What’s in a name?
Once upon a time the names on the labels of Australian wines were simply those of the founders. Penfold, Lindeman, Seppelt, Tyrrells, Tulloch, Cullen, McWilliam, Houghton, Kay Bros, Bailey, Morris and many more. Proud to put their hands up and be recognized for their efforts.
These days, a stroll down the shelves shows most of them still going strong, some after more than a century. You will also find quite a few genuine and reassuringly accurate geographical names.
But there are also a bewildering number of new monikers that could have been concocted by research groups in Hollywood.
The number of new vineyards in our country has slowed in the last couple of years, but the big supermarkets keep the new labels coming and the choice is too much for modest consumers to get their heads around.
You can’t make wine the way you make beer or spirits, brewing or distilling whenever you want.
Grape harvests come only once a year. You can’t hurry the seasons. Nature also decides how good a season and harvest you will have. Can’t change Nature. Which is why it takes so many decades to establish a truly great wine brand.
Day to day you are free to drink whatever amuses you at whatever price you are happy to pay. But to savour the extra intensity and enrichment of great wine you must follow those with experience.
Let’s check the pedigree.
The Hill-Smith family whose wines you know mostly under the name of Yalumba have been at work in South Australia since 1849.
One of their number, Michael, in 1988 became the first Australian to succeed in the devilishly difficult Master of Wine examinations. This award started in the 1950s and there are only just over 300 MWs in the world today.
With cousin, Martin Shaw (Roseworthy graduate 1981, winemaker at Petaluma, founder of Flying Winemakers in France, Spain, Chile and NZ), Shaw + Smith was established in the Adelaide Hills in 1989. They also have on board David LeMire MW (yes, another Master of Wine) as Global Sales and Marketing Manager.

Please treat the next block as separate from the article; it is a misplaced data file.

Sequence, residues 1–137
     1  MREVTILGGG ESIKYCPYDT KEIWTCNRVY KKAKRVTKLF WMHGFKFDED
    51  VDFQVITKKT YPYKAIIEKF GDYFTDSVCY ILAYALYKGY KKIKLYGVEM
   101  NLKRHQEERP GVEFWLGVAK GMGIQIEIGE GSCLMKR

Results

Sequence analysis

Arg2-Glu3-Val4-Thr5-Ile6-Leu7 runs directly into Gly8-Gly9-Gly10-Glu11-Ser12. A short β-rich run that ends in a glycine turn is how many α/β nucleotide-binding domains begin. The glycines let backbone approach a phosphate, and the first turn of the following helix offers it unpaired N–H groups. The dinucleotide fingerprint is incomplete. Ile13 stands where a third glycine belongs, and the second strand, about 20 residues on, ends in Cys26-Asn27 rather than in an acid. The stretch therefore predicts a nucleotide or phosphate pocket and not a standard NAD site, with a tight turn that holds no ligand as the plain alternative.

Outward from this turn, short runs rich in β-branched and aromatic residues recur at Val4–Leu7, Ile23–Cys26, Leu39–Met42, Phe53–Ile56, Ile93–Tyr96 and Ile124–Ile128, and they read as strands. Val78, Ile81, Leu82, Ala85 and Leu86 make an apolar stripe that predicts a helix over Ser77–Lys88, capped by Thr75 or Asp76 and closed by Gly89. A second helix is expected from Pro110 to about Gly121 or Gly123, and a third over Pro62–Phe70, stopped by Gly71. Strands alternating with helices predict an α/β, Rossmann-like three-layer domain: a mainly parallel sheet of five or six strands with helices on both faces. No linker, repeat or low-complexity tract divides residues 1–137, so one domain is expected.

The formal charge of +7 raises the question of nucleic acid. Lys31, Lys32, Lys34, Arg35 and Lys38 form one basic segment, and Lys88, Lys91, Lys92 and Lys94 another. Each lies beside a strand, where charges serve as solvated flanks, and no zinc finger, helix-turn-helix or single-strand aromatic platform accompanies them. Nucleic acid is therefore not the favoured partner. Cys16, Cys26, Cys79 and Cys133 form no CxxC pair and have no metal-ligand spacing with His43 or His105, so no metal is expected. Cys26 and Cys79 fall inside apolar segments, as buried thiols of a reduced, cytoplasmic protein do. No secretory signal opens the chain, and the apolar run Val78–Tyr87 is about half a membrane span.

What wines are they presenting? Whites first.
With two vineyards totalling 55ha in the Hills at Balhannah and Lenswood, the lads have focussed on four varieties that thrive in their cool climate and altitude.
Each year they take their show on the road around Australia to introduce the latest wines.
One wine, the S + S Sauvignon Blanc, is now in its 27th vintage, and over recent years they have unveiled it with compatible dishes in top yum cha restaurants. This time in Sydney it was at Mr Wong.
This is no ordinary sauvignon blanc. This is class. With pink grapefruit nuances, rich and complex with a real texture in the mouth, smooth and satisfying, a fine mouthful before it slips away with a tingle of fresh acidity. Tasted to perfection with the steamed prawn and lobster dim sum and Peking duck pancakes.
There followed the M3 Chardonnay. “Elegance and restraint” is the stated S+S strategy. It is definitely that, and more. Deep and concentrated with a peachy creaminess that lingers. A very fine example of the newer style of Australian chardonnays.
Warming up a little, we come to the pinot noir. Delicate light and medium- bodied, with aromas and flavours in the cherry red spectrum. Great with the pork belly.
The 2014 Shiraz is again medium-bodied, not a blockbuster from the Barossa. “Balance is more important than power” says Michael. It offers bright and vibrant fruit. This is a sophisticated shiraz. It cuddles up to the Black Pepper Beef.
There are also two special individual vineyard wines which take your palate interest to another level. The Lenswood Chardonnay and the Balhannah Shiraz. They move up a notch or two in price but you are rewarded by the more exacting hand-crafting resulting in greater intensity and complexity.
We sit back and sip them slowly.
To see how the S+S formula can work for you may we suggest you visit www.shawandsmith.com